Photographers of all abilities and ‘denominations’ posed themselves to catch the magnificent crashing waves. The shoreline had always been photogenic, but the rising of the water levels have stripped away the pretense of earlier, gentle years. “The lake goes in fifteen year cycles,” explained my mother. I remember the wildness of waves which crashed over Highway 42.
In my son’s younger years, the lake was losing water faster than was being replenished. In the same spot which was now a concrete cliff, we had enjoyed fifty yards of beach. The sand bars had captured shallow waters into warm wading pools. It was a family swimming paradise.
Now? Nothing. The same shoreline is unrecognizable in comparison. In my childhood years, I remember the smooth pebbles which respectfully outlined the limestone steps. They had been polished, then deposited by the very same lake which replaced them decades later with a stunning beach. Now, that lake swallowed all of it almost as if daring to erase memories. “Do you remember?”
“Yes. Yes I do.” And I replay snippets of sunshine and family while the waves chew at the concrete beneath my feet. I cannot imagine why I am not saddened by the change. But I am not. Somehow, the cycle seems correct, as if the lake has its own wisdom.
Such a turn, this vacation is. The days are like a feast for my soul. Any less and I would be thinking. And I cannot imagine any more from a vacation. And it feels scripted as if written by the very lake which dared me to remember its cycles, the beaches, the smooth pebbles, the limestone and the waves.
I bike through the town of my childhood summers, just as I had then and have each summer for most of my adult life. I peddle along the limestone gravel road, between the water treatment plant and the marina, to the Southside Fishing Pier. “Southside” was all you had to say decades ago when there was no marina. Fishermen knew the spot, rough then, but worth the trouble to navigate through the coal yards to get there. “Fred, where did you fish those brownies?”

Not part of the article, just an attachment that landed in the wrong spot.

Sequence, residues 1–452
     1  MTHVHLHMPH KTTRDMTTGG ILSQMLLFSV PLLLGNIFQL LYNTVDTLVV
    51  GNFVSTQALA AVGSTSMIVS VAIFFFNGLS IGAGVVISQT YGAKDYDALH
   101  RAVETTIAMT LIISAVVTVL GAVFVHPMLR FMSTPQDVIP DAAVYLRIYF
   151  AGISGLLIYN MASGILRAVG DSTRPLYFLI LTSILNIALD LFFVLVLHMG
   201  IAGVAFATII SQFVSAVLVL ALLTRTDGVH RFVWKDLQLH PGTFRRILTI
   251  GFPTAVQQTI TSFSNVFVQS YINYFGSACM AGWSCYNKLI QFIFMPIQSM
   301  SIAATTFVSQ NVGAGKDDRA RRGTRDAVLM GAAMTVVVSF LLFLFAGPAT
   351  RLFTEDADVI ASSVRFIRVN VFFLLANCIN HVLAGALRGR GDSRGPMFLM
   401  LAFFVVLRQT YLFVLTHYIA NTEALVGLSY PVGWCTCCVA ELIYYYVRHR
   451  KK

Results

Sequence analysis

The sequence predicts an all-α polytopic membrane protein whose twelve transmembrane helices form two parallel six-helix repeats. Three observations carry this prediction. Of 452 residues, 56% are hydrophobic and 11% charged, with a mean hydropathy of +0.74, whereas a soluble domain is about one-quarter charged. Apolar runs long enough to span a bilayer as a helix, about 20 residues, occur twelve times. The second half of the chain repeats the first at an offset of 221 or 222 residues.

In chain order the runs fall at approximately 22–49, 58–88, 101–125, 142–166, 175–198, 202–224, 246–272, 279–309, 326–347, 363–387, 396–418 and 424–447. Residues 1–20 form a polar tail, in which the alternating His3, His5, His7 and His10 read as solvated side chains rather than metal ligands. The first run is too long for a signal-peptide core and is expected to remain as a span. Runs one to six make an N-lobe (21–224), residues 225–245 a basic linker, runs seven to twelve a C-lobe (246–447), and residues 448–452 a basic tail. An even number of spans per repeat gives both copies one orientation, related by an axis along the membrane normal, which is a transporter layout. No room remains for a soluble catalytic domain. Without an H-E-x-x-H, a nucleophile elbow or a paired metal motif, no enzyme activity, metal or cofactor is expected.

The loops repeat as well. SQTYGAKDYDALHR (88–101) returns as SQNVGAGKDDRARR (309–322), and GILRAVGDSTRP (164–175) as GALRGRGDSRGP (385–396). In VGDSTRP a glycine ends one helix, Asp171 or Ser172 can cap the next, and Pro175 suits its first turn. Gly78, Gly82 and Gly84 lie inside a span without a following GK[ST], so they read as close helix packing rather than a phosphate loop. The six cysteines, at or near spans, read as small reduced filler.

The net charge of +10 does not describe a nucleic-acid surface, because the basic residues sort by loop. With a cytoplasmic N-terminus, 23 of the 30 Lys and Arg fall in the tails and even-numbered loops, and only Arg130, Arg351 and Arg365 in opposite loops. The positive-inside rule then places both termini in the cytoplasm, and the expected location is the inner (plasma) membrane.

“Southside.” (Sometimes my grandfather might lie about where he caught trout. It all depended upon if he liked you or not).
As I explore, I see the barges and tugboats docked inside the harbor. Periodic dredging keeps the river harbor and the outlet between the piers clear. This year’s operation is huge with a fleet of three salvage tugboats. I vary my perch between the two piers and sand dunes, depending upon the activity. It is like heaven on earth. As a high school student, I had driven a tug while studying limnology. Such a odd occurrence in ones life, but an endearing one.
The working tugboats capture my heart, but the tears came to my eyes when on the third day here, as I watch the cranes lift silt from the harbor depths, a commercial fishing boat returns from the lake. The sight of it feels like a gift from the lake, that same question. “Remember?” I cry at the sight of the boat, similar to the old pictures of the fishing boats from my father’s family.
So I turn. And it would not be a turn without writing. I miss this struggle of words and expression.
And I turn with the crashing waves reminding me that I can. It is as though the lake replied to the course of my life – my intentional, purposeful, meaningful life – not only with the usual vacation of beach bunny time but with tugboats, fish boats, a bicycle and golf. And harbor dredging and cranes and photography.
My prayers are answered. I am complete.
Due to the crash of waves and gifts from the lake I have always imagined to be my lake.
I’m not selfish though. The lake is meant to be shared…
Lots of love and a kiss, of course.